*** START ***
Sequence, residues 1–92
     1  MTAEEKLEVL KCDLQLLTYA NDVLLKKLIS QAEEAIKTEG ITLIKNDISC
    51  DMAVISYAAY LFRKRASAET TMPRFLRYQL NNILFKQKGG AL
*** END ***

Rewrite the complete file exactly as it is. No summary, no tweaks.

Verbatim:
Sequence, residues 1–92
     1  MTAEEKLEVL KCDLQLLTYA NDVLLKKLIS QAEEAIKTEG ITLIKNDISC
    51  DMAVISYAAY LFRKRASAET TMPRFLRYQL NNILFKQKGG AL